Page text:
The 2012 Las Vegas Summer League is in the books. Time to reflect on what wewitnessed during those five games from your Washington Wizards. After reviewingJanVesely, up next, Shelvin Mack.(Literally as I submitted this post, the Wizards went ahead and signed former Indiana Pacers point guard A.J. Price, confirming the belief held by me and others that the team could not enter next season with a status quo point guard depth chart. Guess Wizards agreed. Some reasons why exist below...)2012 Summer League stats: 11 points, 2.4 assists, 40.4 FGpercent, 29.4 3ptFG percent, 3.4 turnovers.The good: Reached double figure points in four straightgames, including 14 against the D-League Select squad. Confidence rose in allaspects when shots fell and Mack worked effectively on the wings assumingothers created a given play's initial momentum. The tireless worker on defense rarely appeared flustered and his attitude is of ateam-first nature. Assist totals not helped by poor 3-point shooting throughoutthe roster.On the other hand...: Essentially what the Summer Leagie was about for Mack is summed up in this Sam Cassell quote following the Wizards second loss of the session: "We're looking for somebody who can run a ball club. You know, we got John Wall, but after John Wall, we gotta figure it out, and that's what we're trying to do."Five games should not be the end allbe all of evaluations, but Las Vegas represented Mack's opportunity to show thecoaches and management that even if his transition to point guard remained awork in progress, it was working. Not sure anyone can claim that happened. TheWizards offense frequently stagnated or turned into one-on-one ball with therising second-year guard running the attack. Mack lacks the authoritativepresence as a dribbler, passer or scorer when it comes to initiating theattack. Even when he made it past his initial defender and found the lane, issuesarose trying to get all the way to the rim or sending a pass to the right spot.The quotable Sam Cassell, on Mack: I dont think Shelvinfrom last year never really had a long stint at the point guard position. Thisyear hes going to have to do that in order to be good on this team."Forecast...: There are two issues for Mack; the minutes Washington has available are as a backup point guard and this team has made it clear a postseason push is the goal. When paired with an aggressive backcourt mate,either a true playmaker like John Wall or an assertive scorer like JordanCrawford, Mack will prove more effective as an off-the-ball performer. RookieBradley Beal showed he can take over as a floor leader, but that is not hislong-term path and one the Wizards do not need him spending tons of ton as the19-year-old adjusts to the NBA game. Realistically at times in Vegas, with the poised Beal, pass-firstCzech prospect Tomas Satoransky and veteran distributor Earl Calloway alltaking turns, Mack was the fourth best offensive point guard on the roster. TheWizards are taking their time with free agency, waiting for the market tosettle, but it would be stunning if they did not add a veteran ball handlingoption. If the postseason talk is sincere, they cannot enter the season withessentially one stable point guard and Wall is learning the craft in his ownway.Any 2012-13 roster projection should include the former Butler star with thelevelheaded demeanor, squatty frame and quality shot from distance. In theright scenario, Mack could work as a fourth guard, but based on Vegas, hard torealistically project his name among the first wave of reserves.Update: While Price provides the team a more natural point guard option, the former Connectictut star's presence should not automatically send Mack to the end of the bench - though it likely will.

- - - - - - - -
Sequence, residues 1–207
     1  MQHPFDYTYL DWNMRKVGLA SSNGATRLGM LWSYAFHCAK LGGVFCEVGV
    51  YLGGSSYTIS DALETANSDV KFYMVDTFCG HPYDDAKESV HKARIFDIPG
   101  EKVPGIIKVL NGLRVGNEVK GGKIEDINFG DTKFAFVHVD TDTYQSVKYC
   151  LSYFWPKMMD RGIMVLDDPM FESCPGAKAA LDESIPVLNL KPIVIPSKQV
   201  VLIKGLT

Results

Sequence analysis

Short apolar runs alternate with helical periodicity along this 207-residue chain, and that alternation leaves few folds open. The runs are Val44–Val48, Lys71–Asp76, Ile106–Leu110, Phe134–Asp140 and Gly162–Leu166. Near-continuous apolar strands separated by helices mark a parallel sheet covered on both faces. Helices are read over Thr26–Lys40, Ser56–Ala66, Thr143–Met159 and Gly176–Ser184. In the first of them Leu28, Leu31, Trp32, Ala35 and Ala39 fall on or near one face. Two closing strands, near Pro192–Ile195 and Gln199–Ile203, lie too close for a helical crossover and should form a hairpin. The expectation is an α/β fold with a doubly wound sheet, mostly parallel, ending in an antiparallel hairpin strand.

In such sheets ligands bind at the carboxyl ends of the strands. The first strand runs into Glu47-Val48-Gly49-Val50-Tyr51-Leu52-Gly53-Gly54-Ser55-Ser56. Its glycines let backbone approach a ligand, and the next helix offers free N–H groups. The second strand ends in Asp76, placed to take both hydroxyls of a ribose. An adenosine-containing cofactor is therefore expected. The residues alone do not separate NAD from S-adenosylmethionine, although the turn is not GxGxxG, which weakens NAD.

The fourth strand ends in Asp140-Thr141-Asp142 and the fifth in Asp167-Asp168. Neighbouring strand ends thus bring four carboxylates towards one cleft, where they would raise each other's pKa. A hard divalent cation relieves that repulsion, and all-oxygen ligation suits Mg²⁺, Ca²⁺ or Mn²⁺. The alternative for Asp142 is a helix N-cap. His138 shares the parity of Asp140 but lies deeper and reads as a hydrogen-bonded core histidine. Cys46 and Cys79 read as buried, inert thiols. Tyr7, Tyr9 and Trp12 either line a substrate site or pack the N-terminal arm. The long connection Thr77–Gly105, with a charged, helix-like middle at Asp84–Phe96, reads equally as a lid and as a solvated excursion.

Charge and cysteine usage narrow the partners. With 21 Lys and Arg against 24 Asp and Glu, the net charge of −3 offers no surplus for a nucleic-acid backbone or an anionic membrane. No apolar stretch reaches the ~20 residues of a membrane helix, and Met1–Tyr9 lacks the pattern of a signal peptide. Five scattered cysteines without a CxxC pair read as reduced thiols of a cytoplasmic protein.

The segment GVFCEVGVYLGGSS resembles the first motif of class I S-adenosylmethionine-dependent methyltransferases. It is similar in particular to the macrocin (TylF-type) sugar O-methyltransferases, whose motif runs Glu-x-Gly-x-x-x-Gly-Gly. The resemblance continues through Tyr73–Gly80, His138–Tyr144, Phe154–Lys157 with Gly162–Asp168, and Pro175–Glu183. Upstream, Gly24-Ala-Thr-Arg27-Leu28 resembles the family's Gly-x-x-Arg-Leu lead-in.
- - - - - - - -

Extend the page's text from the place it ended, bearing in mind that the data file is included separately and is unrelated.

To wrap up the 2017-18 season, we are looking at each player on the Wizards' roster. Today, we evaluate Tim Frazier's season...